State leaders applaud judicial block of WOTUS
BISMARCK — North Dakota state leaders welcomed a federal judicial ruling Wednesday that blocks implementation of the Biden Administration’s new Waters of the U.S. rule.
U.S. District Judge Daniel Hovland granted a preliminary injunction blocking implementation or enforcement. North Dakota was one of 24 states to bring a lawsuit against the U.S. Environmental Protection Agency and U.S. Army Corps of Engineers, asking a federal judge to declare the new WOTUS rule unlawful and vacate it.
“Today’s decision by Judge Hovland rightly blocks the Biden administration’s overreaching rule that would unlawfully extend federal jurisdiction to nearly every stream, pond and wetland in North Dakota. This rule would create confusion and restrict activities for farmers, ranchers and other landowners while driving up costs for consumers,” Burgum said. “North Dakota has some of the cleanest air and water in the nation because we responsibly develop our natural resources and properly exercise our state’s authority to protect our own waters from pollution.”
“This injunction is great news for North Dakota’s ag producers as they gear up for planting season,” Congressman Kelly Armstrong said. “The Biden administration’s WOTUS rule is a red tape disaster that does nothing to keep our water clean. I’m hopeful the court will ultimately throw it out.”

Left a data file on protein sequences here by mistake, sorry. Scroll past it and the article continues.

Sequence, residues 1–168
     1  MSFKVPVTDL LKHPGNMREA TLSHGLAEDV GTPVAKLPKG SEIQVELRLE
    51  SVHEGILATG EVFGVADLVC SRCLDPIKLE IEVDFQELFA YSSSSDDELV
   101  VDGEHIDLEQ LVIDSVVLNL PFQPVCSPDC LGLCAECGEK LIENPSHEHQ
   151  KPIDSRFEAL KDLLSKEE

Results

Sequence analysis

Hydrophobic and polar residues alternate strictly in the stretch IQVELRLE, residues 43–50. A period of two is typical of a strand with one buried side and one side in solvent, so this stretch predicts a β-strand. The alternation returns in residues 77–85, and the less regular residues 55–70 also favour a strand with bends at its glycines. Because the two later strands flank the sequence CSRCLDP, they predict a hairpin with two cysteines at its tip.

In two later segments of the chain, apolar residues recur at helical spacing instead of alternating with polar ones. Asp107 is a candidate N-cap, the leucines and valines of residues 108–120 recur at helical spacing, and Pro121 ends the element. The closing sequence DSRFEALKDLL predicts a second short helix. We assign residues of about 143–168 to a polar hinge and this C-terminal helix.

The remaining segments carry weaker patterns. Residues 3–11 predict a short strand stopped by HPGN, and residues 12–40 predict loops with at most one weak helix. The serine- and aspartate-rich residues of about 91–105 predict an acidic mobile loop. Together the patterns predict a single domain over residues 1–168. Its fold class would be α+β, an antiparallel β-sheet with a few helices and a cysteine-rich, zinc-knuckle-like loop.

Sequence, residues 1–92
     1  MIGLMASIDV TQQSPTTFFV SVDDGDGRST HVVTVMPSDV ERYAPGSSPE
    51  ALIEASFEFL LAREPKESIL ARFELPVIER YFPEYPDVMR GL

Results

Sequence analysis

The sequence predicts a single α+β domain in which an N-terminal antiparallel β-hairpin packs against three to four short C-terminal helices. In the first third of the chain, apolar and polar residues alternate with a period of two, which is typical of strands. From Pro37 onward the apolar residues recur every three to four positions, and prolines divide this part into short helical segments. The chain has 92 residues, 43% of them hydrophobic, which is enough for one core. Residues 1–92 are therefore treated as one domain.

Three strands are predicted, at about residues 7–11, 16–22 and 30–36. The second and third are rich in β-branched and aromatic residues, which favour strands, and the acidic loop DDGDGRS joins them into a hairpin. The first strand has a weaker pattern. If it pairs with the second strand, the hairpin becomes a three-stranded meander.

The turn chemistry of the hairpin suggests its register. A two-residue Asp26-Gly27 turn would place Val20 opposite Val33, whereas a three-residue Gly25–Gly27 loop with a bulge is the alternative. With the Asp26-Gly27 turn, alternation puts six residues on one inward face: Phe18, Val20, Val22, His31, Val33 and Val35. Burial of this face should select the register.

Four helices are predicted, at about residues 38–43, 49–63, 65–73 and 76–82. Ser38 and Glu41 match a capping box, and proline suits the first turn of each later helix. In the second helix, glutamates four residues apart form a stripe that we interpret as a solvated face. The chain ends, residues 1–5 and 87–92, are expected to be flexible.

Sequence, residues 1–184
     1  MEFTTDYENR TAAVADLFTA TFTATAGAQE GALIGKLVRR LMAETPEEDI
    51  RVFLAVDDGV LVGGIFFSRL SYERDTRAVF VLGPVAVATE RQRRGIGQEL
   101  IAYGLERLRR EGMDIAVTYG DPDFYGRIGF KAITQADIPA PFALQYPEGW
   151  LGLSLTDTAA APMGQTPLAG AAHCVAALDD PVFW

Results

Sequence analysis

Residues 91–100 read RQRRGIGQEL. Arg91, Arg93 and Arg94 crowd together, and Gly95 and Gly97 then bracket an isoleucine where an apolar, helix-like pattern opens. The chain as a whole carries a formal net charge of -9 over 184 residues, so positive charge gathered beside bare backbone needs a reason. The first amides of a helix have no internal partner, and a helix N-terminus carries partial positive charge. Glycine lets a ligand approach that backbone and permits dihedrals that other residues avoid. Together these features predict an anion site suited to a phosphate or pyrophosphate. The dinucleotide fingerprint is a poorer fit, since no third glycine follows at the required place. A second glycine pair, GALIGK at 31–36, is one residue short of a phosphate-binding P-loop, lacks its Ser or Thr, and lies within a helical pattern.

Sens. Kevin Cramer and John Hoeven also applauded the court action.
“Beginning with President Obama, and furthered by President Biden, it is the environmentalist’s dream to regulate our water to the raindrop,” Cramer said. “Once again North Dakota is among the leaders in the fight to remind them such actions are illegal. Thanks to Attorney General Wrigley, our state is spared from federal mediocrity.”
“This injunction is a welcome relief from the ever-growing, burdensome regulations being pushed by the Biden administration,” Hoeven said. “This expanded WOTUS rule would impose higher costs on critical industries, including agriculture, energy and construction, leading to greater inflation throughout our economy. That’s the last thing our nation needs. We worked to introduce and pass a CRA through the Senate to block the WOTUS rule, and will continue working to provide regulatory relief and prevent President Biden from advancing his harmful and costly Green New Deal agenda. At the same time, we are hopeful that the Supreme Court’s decision in Sackett v. EPA will resolve the uncertainty created by this federal overreach, while protecting the rights of states to manage their lands and waters.”
The EPA and Army Corps of Engineers published the final WOTUS rule in the Federal Register on Jan. 18, repealing the definition of WOTUS that the Trump administration adopted in 2020 in its Navigable Waters Protection Rule. North Dakota was a co-leader in the lawsuit, which was filed in U.S. District Court for the District of North Dakota.
The 24 states involved in the lawsuit are Alabama, Alaska, Arkansas, Florida, Georgia, Indiana, Iowa, Kansas, Louisiana, Mississippi, Missouri, Montana, Nebraska, New Hampshire, North Dakota, Ohio, Oklahoma, South Carolina, South Dakota, Tennessee, Utah, Virginia, West Virginia and Wyoming. A federal judge previously granted an injunction blocking the new WOTUS rule in Idaho and Texas as well.